In this article, Priya Ashok Agrawal pursuing Diploma in Entrepreneurship Administration and Business Laws from NUJS, Kolkata, discusses How to improve your contract drafting skills.
Writing is an art and the same could be or should be developed only by self- practice, and it cannot be accomplished only by reading books. Hence, the importance of contract drafting is not only great but also very very great. For the purpose of having, at least, some command on contract drafting, one has to make sincere efforts to master it.
What is drafting?
Drafting means to draft or to draw up. It is the process of converting the underlying intention of the party or parties into a written document.
The importance of contract drafting
As the Sun needs no introduction, the importance of the study of law need not be explained. It is said that Law is the King of the Kings. It is, therefore, most powerful and rigid, too. At this background, we have to consider the fact that if Law is the King of the Kings, drafting of pleadings, contracts and conveyancing is undoubtedly the Queen of that King.
“Lawyers have two common failings. One is that they do not write well and the other is that they think they do”.
(Carl Felsenfeld, ‘The Plain English Movement in the United States,’ Canadian Business Law Journal, vol.6, 1981-82)
Aim of drafting a contract
As a general rule, a drafter should give effect to its client’s intentions by ensuring that his/her document is:
- accurate and in-tune: aim to understand the transaction and embody the client’s instructions;
- complete: aim to deal with all eventualities that ought to be covered;
- precise: aim to avoid ambiguity;
- clear: aim to draft in a style that is readily comprehensible;
- contemporary: aim to use words only in modern usage and delete archaic expressions; and
- short and simple.
To achieve the abovementioned aims, several drafting skills are required. These include:
- Effective communication with the client when taking instructions. This involves finding out all the relevant facts, the background in which the document is to operate, the client’s stated intentions and, when appropriate, further questioning to determine a client’s underlying aims;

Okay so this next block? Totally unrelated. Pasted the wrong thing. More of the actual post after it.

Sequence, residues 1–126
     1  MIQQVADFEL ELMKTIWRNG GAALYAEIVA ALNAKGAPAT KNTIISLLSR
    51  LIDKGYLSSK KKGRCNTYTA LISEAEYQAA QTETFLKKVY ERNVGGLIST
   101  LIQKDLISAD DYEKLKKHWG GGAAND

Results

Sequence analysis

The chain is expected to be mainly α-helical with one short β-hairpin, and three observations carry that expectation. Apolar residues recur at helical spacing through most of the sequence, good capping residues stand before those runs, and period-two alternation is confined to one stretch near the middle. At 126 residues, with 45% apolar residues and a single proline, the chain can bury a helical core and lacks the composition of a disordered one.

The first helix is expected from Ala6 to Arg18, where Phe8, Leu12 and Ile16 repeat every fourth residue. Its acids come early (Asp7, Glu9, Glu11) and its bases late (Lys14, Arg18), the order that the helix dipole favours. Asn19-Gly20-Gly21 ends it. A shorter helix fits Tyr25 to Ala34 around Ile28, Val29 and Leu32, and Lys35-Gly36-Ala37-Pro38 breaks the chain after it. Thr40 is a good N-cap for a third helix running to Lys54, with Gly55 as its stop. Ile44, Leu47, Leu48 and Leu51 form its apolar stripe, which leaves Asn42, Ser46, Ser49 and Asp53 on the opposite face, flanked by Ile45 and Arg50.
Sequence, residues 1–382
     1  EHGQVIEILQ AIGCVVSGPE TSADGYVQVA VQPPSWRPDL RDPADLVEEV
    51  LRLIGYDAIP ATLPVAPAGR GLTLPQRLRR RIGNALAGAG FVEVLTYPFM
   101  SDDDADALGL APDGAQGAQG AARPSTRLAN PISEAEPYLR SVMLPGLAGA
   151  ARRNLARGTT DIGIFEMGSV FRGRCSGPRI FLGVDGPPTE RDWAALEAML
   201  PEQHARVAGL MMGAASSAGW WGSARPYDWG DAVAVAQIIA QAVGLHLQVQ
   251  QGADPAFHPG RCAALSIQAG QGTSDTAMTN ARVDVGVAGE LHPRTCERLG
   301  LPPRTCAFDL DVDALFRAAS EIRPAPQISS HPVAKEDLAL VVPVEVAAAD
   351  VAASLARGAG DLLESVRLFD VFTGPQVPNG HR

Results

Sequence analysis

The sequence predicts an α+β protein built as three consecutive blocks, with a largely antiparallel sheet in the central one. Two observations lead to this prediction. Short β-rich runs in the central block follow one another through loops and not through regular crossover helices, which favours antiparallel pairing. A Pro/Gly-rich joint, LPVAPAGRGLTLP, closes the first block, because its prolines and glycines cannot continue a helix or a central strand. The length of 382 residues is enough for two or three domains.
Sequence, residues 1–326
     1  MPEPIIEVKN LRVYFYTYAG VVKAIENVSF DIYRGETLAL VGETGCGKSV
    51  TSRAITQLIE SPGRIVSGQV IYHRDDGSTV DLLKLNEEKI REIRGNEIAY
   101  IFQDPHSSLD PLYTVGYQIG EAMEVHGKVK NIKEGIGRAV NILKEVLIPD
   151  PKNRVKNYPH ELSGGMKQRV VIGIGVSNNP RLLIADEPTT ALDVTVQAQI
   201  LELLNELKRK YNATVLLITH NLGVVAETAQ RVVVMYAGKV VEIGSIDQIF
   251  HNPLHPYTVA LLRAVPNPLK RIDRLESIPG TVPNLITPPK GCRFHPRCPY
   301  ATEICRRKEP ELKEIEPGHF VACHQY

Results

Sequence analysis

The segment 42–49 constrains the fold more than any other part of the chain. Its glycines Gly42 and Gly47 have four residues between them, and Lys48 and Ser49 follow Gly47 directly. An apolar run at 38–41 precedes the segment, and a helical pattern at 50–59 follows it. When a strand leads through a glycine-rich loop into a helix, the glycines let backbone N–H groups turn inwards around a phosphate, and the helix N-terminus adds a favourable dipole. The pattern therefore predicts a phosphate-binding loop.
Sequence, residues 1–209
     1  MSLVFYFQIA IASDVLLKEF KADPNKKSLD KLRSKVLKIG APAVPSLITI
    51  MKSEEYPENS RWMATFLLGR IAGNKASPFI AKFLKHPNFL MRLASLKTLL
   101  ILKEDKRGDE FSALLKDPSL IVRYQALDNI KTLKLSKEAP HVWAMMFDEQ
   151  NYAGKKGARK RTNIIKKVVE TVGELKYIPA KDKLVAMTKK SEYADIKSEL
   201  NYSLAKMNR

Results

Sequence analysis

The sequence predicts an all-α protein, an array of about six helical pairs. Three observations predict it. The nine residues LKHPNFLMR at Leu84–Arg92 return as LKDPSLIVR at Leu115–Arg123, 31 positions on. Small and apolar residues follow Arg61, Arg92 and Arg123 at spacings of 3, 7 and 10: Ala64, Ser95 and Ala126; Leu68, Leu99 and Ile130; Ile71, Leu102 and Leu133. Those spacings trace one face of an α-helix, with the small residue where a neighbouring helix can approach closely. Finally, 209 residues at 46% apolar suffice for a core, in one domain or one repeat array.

- The ability to think clearly through the whole transaction, to recognize the potential problems and advise the client in relation to matters he or she has not yet considered but which may arise;
- The ability to negotiate with any other parties to the transaction and their legal advisers;
- An awareness of the possible audience – for example, judges, real estate agents, and accountants- who may interpret the document;
- A sound knowledge of the relevant principles of the law – that is, the law relevant to the transaction in which the lawyer is engaged and to the construction of documents. This is the most important skill, as without it none of the other skills can be effectively exercised; and
- A good understanding of the correct use of English.
Guidelines for improving contract drafting skills:
Clear thinking on paper:
Good writing is clear thinking on paper. It has its foundation in thinking, planning, and organization. Planning and organizing material will force one to address difficulties at an early stage, save considerable revision time and produce a clearer, more readable document.
Before you start writing, you should consider:
- your aims;
- your readers;
- how you plan to organize your writing;
- the layout and other conventions you will adopt.
Summarize and seek information
The cause of many negligence claims can be traced to a failure in communication. If any matter remains unclear, you should always seek clarification. Make a careful note of the meeting or telephone call and place it on file. Once you have a good enough grasp of the essentials, summarize them in writing for your client to verify.
Use gender-neutral language
Using non-sexist language is important. The removal of sexist language is far from a trivial matter, though it is sometimes represented as such by those who do not understand the issue. Many of us have grown up using sexist language unconsciously, and are not really aware of the alternatives. Language perpetuates the prejudices and values of the society in which that language evolves, through most of its history, the English language has evolved in a patriarchal or male-dominated society. You must take special care to avoid sexist language.
Terms required by statute
Perhaps the most obvious step in preparing a contract is to identify the provisions it ought to contain. The statutory provisions relevant to your contract will naturally vary from one field of law to another, but you need to be sure that you have identified anything that may affect the validity or applicability of your contract.
Sometimes an Act or other provision may have the effect of requiring a further step to be undertaken if a particular term is included, for example, The Competition Act, 1998 requires registration of certain restrictive agreements.